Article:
Despite a five-month-long retransmission-consent dispute, Nexstar Broadcasting Group Inc. claimed that ratings at stations that lost their cable carriage haven’t taken a big hit and that advertisers that initially left are coming back.
“The impact to us is decreasing as time goes on, as life goes on and as people find out that our ratings didn’t go down by the number of cable homes or the percentage of cable homes that we weren’t reaching,” Nexstar CEO Perry Sook said Wednesday.
A Cable One spokesman disputed Sook’s claim, saying that Nielsen Media Research data showed that ratings for Nexstar’s Joplin, Mo., stations were down in February.
During a first-quarter conference call, Sook also told Wall Street analysts that his company recently wrapped up a big contract with an operator that secures cash-for-carriage for its stations — and that Nexstar will continue to seek such compensation from Cox Communications Inc. and Cable One Inc., who it is in a standoff with.
“At this point, we think it would be a mistake to ignore the value that our television stations bring to the cable offerings in these local markets to begin with, and we want to establish some foundation or basis there,” Sook said.
“Two weeks ago, we signed the largest cable retransmission-consent, per-subscriber-fee deal in the company’s history, at a company that I am not at liberty to name,” he added. “We are signing deals with wire-line cable companies on a regular basis that are paying us on a per-sub-fee basis. We just haven’t cracked the Top 10 MSOs yet.”
After failing to reach renewals on retransmission-consent pacts with Nexstar, Cox lost NBC affiliate KRBC in Abilene, Texas, and CBS affiliate KLST in San Angelo, Texas, on Jan. 1 and then NBC affiliate KTAL in Texarkana-Shreveport. Similarly, Cable One had to stop carrying KTAL, as well as ABC affiliate KODE and NBC affiliate KSNF in Joplin, Mo., Jan. 1.
In a prepared statement, Sook said that the financial impact of the ongoing dispute “is significantly less than we budgeted for.”
The Nexstar stations that Cox and Cable One had to drop initially had cancellations from advertisers, according to Sook. Those advertisers were concerned about what impact the loss of cable distribution would have on the various stations’ ratings.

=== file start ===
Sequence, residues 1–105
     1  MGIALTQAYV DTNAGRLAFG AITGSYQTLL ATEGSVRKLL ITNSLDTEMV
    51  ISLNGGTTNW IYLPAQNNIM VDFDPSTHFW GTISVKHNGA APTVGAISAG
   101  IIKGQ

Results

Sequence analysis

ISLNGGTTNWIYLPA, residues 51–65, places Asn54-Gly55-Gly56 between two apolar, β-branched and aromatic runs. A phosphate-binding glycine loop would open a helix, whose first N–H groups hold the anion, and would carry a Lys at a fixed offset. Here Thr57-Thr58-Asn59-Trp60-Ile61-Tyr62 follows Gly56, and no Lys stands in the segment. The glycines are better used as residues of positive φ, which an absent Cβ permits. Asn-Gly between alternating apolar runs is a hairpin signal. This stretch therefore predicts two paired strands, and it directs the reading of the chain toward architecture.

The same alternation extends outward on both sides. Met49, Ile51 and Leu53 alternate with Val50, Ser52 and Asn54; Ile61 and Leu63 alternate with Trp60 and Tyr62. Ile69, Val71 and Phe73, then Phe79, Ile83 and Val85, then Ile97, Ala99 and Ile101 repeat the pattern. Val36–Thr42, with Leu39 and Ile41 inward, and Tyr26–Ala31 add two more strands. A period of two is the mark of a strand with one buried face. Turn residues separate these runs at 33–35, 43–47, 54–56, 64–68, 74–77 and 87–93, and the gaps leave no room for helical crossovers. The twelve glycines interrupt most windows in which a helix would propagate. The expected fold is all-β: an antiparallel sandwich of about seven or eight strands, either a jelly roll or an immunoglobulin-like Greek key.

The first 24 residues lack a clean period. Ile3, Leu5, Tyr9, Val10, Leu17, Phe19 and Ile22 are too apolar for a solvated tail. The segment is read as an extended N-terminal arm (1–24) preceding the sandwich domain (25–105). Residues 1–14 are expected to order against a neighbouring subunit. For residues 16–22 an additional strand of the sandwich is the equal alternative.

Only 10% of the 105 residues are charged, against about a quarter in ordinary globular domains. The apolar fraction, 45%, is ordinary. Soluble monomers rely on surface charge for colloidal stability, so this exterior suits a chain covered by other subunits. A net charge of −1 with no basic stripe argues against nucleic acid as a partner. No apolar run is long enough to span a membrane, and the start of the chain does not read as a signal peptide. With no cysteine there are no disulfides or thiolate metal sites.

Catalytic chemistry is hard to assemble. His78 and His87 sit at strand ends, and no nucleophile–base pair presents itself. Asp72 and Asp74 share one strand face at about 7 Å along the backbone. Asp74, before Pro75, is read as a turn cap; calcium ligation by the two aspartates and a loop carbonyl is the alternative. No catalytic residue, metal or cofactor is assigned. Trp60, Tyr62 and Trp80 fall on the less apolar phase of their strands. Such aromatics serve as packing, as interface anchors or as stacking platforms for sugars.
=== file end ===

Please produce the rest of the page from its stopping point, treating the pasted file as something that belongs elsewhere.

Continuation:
But the February sweeps demonstrated that Nexstar’s stations fared well in the ratings, according to Sook.
“We did see cancellations and advertisers that stayed away in the first quarter,” he said. “As the February ratings data became known —and ratings for the NBC station in Shreveport [La.] were up, the ABC station in Joplin [Mo.] were up, the 10’o clock news for the NBC station in Joplin was up over the prior year — and those facts became known to us and to advertisers, we have seen folks who stayed away come back. And we’ve added some new advertisers along the way.”
Sook maintained that Cox and Cable One customers are getting his stations’ signals either via rabbit ears, or by switching to direct-broadcast satellite.
“Because we’re not going into the home on a cable wire does not mean we are not going into the home,” he said.
Sook also said he were encouraged by the fact that Viacom Inc. co-president and co-chief operating officer Les Moonves has publicly said his company will likely be seeking cash compensation from cable operators for its CBS owned-and-operated TV stations.
“We’re glad to hear that here are others who see the value proposition that this would create long-term for broadcasters,” Sook said. “I’ve had three different broadcast companies — one public and two private — that approached me at the NAB [National Association of Broadcasters], that want to do conference calls. They want to learn what we’ve learned at this point as they go to make their decision how and when to engage in this debate.”